The first poem of the episode was composed jointly by Kinto and Sei Shonagon. According to the Pillow Book, this was a fairly common game, especially between the men and Shonagon, because she so frequently wrote eloquent and unexpected replies. This poem and the story about it is actually recorded in Shonagon's Pillow Book:
Hana ni magahete
Chiru yuki ni
Sukoshi haru aru
Koko chi koso sure.
"Snow falls like flower petals from the wintry sky. For but a moment, I feel the coming of spring."
The poem above is based on the Japanese version of another Ba Ju Yi poem, which is called, "Southern Snow," and is roughly translated in the show as, "Three in the morning, snow in the cold air, February in the chill of the mountains, I feel the coming of spring." The lines which Kinto sent Shonagon refer to the last part of this poem. Shonagon recognizes his intent, and begins the poem with 3 lines that refer to the earlier part of the poem, but she also artfully compares snow falling to cherry tree blossoms falling. Starting to understand why she's such a legend yet?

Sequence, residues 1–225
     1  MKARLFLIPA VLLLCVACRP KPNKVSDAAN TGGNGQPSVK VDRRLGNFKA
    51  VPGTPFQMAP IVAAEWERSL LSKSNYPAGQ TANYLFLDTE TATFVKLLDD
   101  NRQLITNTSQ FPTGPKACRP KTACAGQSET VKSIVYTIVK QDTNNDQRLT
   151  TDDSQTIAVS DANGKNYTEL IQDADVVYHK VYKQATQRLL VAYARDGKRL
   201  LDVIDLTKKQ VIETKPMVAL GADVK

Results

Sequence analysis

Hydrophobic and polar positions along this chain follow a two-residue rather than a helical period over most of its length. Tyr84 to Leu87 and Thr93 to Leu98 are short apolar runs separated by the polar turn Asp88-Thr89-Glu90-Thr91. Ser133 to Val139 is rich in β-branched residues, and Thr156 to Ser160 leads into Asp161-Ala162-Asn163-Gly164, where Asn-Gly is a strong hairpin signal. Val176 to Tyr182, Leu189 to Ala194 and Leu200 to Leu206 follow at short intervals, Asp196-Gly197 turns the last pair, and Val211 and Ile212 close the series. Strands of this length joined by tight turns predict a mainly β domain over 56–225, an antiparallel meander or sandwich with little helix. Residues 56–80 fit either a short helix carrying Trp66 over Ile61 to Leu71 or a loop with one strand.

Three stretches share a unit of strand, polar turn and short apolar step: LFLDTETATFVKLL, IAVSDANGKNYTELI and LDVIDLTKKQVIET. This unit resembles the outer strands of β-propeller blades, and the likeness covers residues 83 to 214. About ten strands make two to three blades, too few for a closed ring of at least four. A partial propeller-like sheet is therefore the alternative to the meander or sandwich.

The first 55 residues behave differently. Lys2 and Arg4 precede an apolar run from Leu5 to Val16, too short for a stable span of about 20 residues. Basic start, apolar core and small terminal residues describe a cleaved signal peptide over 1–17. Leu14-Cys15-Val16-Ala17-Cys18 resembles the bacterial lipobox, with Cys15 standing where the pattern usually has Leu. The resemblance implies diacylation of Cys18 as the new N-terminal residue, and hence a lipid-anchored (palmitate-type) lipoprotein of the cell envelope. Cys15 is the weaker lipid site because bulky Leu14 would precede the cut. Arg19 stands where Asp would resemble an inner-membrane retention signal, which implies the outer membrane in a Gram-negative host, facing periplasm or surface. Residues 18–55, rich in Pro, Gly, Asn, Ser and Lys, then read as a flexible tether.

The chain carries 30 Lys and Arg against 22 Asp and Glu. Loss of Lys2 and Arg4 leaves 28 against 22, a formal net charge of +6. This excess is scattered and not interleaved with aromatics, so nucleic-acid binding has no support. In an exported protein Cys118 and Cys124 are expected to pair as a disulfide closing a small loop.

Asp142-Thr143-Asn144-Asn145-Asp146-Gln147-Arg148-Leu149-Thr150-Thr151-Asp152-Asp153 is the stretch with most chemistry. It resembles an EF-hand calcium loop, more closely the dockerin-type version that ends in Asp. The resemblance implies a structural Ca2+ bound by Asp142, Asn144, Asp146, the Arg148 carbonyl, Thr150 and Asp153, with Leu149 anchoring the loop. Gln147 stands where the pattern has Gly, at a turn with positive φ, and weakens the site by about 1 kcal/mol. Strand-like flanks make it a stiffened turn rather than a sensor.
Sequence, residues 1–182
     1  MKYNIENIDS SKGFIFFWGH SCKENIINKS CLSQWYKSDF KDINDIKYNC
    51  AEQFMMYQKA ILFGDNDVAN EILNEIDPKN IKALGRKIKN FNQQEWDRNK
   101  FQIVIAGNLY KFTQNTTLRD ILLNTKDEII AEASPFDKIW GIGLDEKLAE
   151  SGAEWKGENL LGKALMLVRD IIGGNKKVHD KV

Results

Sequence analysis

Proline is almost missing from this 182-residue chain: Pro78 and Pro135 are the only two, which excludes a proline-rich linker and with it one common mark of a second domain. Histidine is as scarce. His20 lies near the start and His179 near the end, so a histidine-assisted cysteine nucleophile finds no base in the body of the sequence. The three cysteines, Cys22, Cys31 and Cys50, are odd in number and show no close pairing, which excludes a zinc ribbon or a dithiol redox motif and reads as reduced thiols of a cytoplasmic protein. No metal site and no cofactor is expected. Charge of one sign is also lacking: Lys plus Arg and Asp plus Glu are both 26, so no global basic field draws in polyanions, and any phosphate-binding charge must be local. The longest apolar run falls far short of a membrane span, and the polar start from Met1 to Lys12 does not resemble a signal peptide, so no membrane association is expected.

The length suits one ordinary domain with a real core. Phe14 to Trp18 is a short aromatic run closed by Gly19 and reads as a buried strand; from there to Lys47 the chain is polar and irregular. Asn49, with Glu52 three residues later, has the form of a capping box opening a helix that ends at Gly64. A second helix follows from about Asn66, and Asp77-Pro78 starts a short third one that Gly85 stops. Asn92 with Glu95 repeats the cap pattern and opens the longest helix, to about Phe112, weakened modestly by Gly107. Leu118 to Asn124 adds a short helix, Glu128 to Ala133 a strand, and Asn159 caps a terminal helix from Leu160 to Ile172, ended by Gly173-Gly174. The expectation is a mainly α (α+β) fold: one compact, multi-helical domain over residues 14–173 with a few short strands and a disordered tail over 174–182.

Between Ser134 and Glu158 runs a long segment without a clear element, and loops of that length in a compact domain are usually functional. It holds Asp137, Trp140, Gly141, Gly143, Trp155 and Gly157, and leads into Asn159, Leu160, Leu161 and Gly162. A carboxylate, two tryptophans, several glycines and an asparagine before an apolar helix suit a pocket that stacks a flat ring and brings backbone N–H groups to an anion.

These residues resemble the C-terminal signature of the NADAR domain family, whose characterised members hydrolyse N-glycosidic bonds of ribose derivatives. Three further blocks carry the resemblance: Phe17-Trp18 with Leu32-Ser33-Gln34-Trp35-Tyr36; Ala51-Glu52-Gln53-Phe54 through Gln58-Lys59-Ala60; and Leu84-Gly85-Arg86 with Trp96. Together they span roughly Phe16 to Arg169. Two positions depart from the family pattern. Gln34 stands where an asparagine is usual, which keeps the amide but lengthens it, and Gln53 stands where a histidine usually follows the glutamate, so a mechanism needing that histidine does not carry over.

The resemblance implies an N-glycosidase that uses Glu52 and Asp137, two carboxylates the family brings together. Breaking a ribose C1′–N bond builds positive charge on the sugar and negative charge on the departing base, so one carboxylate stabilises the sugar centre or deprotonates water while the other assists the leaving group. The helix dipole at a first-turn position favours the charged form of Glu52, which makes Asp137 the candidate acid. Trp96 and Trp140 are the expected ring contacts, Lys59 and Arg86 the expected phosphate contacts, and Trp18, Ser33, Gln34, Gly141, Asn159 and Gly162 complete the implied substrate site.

Kinto's next poem about the waterfall is #55 in the Hyakunin Isshu. To me, there's a lot of hidden meaning ensconced in what seems like a simple nature poem, things like the legacy of a person after death (the theme of the whole episode):
Taki no oto wa
Na koso nagarete
"No more can we hear the sounds of the waterfall, but its legacy continues to spread."
The very last poem is attributed to Empress Teishi, and as discussed in the episode, it was not made a part of the Hyakunin Isshu. The episode hints that Teika did this to preserve the image of Empress Teishi given in Shonagon's Pillow Book, but it's one of those things that is hard to know. Also there's a lot of discussion about what Teika did/didn't put in the Hyakunin Isshu, which I think is ultimately not useful. We have to remember that he wrote it for a relative, not really for the type of publication it has come to be. Anyway, this poem is beautiful and dignified:
Yo mo sugara
Chigirishi koto wo
Koin namida wo
Iro zo yukashiki.
"Nights of love unforgotten in mourning tears of a curious hue."
Which I think is more gracefully translated to something like, "After all this time we spent together, I would like to see the color of your tears after I die." T.T
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